Mr Mohammad Khan had everything going for him.
A 38-year-old doctoral candidate, he had been living in Canada for the previous four years.
He was looking forward to completing his thesis, and he was deciding whether to stay in Canada or return home to Bangladesh.
He was married to a doctor and they had a lovely eight-year-old daughter.
The future was looking bright.
But one day he found himself boarding a flight to Singapore - a high-risk venture because, by then, he was desperately ill.
"I was so breathless that I was gasping for air on the plane. I wasn't sure I was going to make it to Singapore," he said.
His blood oxygen saturation on room air was only 87 per cent when he first saw me at the clinic.
The level for normal people is well above 95 per cent.
Once the figure drops below that level, most people experience shortness of breath.
Considering that air is thinner at high altitudes, his oxygen saturation while on the plane was probably even lower.
Three months earlier, he had a bad cough.
He saw a local doctor, whose diagnosis was that he had some form of allergy.
He was given some medication, which did not seem to help.
A fortnight later, a chest X-ray was done, which suggested that something serious was happening.
For the first time, the possibility of cancer was raised.
Then a computed tomography (CT) scan of his chest was done.
He had frequent episodes of "cough syncope",? meaning that he fainted from the violent bouts of coughing.
The CT scan revealed shadows on both sides of one lung.
He was admitted to hospital, where doctors thought he could be suffering from tuberculosis.
But after investigations, he was confirmed to have stage four stomach cancer.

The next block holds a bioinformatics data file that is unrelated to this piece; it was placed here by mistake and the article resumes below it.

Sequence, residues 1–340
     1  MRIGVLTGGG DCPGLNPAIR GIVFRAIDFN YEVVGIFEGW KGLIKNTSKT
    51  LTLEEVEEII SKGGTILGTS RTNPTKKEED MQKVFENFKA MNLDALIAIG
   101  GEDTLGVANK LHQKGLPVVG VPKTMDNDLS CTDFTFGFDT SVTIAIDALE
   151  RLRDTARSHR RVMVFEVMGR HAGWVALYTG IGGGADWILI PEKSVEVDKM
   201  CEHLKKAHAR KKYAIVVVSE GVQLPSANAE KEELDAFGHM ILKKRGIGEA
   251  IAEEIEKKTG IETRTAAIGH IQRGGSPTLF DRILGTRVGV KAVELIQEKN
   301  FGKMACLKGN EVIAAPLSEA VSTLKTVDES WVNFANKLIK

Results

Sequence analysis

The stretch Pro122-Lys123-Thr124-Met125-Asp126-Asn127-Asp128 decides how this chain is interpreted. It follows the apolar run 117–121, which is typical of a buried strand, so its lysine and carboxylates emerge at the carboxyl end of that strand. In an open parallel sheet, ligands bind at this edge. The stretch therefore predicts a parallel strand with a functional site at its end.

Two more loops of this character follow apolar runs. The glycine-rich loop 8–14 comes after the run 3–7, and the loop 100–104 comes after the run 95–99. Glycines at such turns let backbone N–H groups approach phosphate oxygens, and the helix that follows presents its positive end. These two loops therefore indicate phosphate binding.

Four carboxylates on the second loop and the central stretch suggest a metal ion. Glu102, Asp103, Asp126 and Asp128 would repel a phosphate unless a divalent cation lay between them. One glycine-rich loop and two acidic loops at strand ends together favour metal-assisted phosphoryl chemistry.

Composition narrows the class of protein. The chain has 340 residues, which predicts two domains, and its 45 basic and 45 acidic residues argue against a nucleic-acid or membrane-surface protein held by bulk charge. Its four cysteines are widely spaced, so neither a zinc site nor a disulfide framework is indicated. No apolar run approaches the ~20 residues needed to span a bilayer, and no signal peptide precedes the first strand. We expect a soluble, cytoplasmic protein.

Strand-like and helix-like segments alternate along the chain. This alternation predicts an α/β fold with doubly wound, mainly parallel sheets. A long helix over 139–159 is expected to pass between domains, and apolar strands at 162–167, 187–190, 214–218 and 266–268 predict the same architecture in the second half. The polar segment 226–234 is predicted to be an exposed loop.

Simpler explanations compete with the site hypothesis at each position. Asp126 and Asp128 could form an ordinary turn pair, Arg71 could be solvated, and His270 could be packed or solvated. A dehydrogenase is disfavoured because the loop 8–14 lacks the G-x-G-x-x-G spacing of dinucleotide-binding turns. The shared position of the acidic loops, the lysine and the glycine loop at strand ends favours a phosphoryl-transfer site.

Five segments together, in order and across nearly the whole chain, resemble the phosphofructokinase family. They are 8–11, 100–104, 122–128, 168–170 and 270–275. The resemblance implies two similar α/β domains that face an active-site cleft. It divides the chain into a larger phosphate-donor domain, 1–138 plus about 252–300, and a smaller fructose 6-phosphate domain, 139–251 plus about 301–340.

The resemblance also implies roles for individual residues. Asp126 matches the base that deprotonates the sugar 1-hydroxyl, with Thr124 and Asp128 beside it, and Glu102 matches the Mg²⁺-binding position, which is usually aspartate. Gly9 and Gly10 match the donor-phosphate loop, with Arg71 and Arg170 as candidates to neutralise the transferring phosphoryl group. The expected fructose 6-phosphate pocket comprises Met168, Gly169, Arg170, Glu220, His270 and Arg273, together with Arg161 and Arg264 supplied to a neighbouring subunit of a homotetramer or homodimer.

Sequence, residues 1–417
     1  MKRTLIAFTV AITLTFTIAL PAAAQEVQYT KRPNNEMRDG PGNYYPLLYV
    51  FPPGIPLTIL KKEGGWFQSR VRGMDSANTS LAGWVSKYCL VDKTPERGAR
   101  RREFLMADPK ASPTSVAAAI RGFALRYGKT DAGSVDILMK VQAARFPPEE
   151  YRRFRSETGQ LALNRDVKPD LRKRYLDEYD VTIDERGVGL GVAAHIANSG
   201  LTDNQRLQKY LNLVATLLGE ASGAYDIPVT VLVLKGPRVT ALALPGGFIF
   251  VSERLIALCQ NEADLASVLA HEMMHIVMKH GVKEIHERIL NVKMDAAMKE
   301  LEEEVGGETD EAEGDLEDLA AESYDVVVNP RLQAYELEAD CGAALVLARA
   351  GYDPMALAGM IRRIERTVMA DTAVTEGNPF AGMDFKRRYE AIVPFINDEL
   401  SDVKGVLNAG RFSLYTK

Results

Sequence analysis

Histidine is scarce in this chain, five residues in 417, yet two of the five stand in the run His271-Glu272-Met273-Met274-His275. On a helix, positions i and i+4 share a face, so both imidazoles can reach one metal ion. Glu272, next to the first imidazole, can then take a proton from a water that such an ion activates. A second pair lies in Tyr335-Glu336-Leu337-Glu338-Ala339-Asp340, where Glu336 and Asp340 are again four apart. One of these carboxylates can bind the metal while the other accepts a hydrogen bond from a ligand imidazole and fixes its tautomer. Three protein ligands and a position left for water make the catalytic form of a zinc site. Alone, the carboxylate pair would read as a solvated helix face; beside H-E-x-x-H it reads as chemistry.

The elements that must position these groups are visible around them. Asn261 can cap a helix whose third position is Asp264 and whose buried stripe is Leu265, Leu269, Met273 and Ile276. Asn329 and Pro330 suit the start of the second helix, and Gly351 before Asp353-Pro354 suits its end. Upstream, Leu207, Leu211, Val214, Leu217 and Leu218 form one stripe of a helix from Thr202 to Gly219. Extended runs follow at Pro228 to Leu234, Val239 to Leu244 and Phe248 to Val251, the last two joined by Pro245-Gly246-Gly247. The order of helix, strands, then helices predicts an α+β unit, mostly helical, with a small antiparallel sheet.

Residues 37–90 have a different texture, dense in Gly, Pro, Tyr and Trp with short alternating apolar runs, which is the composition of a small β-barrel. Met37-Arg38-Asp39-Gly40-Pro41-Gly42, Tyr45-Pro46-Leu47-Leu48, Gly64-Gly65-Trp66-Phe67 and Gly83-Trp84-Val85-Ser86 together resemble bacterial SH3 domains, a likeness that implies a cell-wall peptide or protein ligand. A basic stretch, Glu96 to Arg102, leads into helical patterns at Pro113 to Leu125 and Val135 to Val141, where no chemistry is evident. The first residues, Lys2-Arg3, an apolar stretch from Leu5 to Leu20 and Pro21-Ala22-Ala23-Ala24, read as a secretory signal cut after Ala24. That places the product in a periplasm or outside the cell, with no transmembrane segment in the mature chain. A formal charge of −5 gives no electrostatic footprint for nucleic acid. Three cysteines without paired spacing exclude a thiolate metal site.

The disease is among the top 10 cancers in Singapore. In Asia, it affects more than 700,000 people a year.
The cancer had spread to the lymph nodes in the abdomen and the lungs, as well as throughout the abdominal cavity.
By then, Mohammad was having a hard time eating and had lost about 10kg.
He made the decision to fly from Canada to Singapore - a 19-hour journey.
When I first met him, he was in a wheelchair. He was weak and breathing heavily.
That day, with blood tests and a positron emission tomography-CT (PET-CT) scan, we found much the same thing.
His cancer had gone from the stomach to the liver, adrenals, bones and lungs, as well as lymph nodes from the neck all the way down to the lower abdomen.
He was breathless because there was fluid accumulation in both lungs, which prevented them from expanding.
After we inserted chest tubes on both sides to take the fluid out, he could breathe normally again.
His stage four stomach cancer meant the disease had spread all over. Surgery was not an option.
One of his cancer markers - CA 19-9 - was at 15,130 units. The normal count is less than 37 units.
All we could offer him was palliative chemotherapy.
The aim of the treatment was solely to try to kill some of the cancer cells, control the spread of the disease, preserve his quality of life and hopefully help to extend his life.
He agreed and was started on chemotherapy two days after admission.
After one cycle of chemotherapy, he was well enough to fly home to Bangladesh to spend time with his family.
He then flew back and forth between Dhaka and Singapore for the second and third cycles of his chemotherapy.
On Dec 30, he was seen for his "big exam".
He had a repeat PET-CT evaluation to assess the progress of his treatment.
The radiologist concluded that the cancer in the stomach, liver, bones and adrenals had resolved.
The cancer in the lymph nodes had either disappeared or become smaller in size.
The abnormalities in his lungs were much smaller.
His CA 19-9 count came down to 516 units.
With cancer, one can never predict the response to treatment.
Mohammad had a good response.
He is feeling much better.
But with cancer, we can be so near and yet so far. It can look like a cure and feel like a cure, but the cancer remains as aggressive as it ever was.
After we wished each other the best for the new year, I watched as he strode briskly out my clinic door.
I thought of the gates that a doctoral candidate must pass through - gruelling exams, long nights writing papers - in hopes of a brighter future.
Mohammad, the young father, was so near to achieving the fruits of his labour.
And yet, so far.
Dr Ang Peng Tiam, medical director of Parkway Cancer Centre, has been treating cancer patients for 27 years.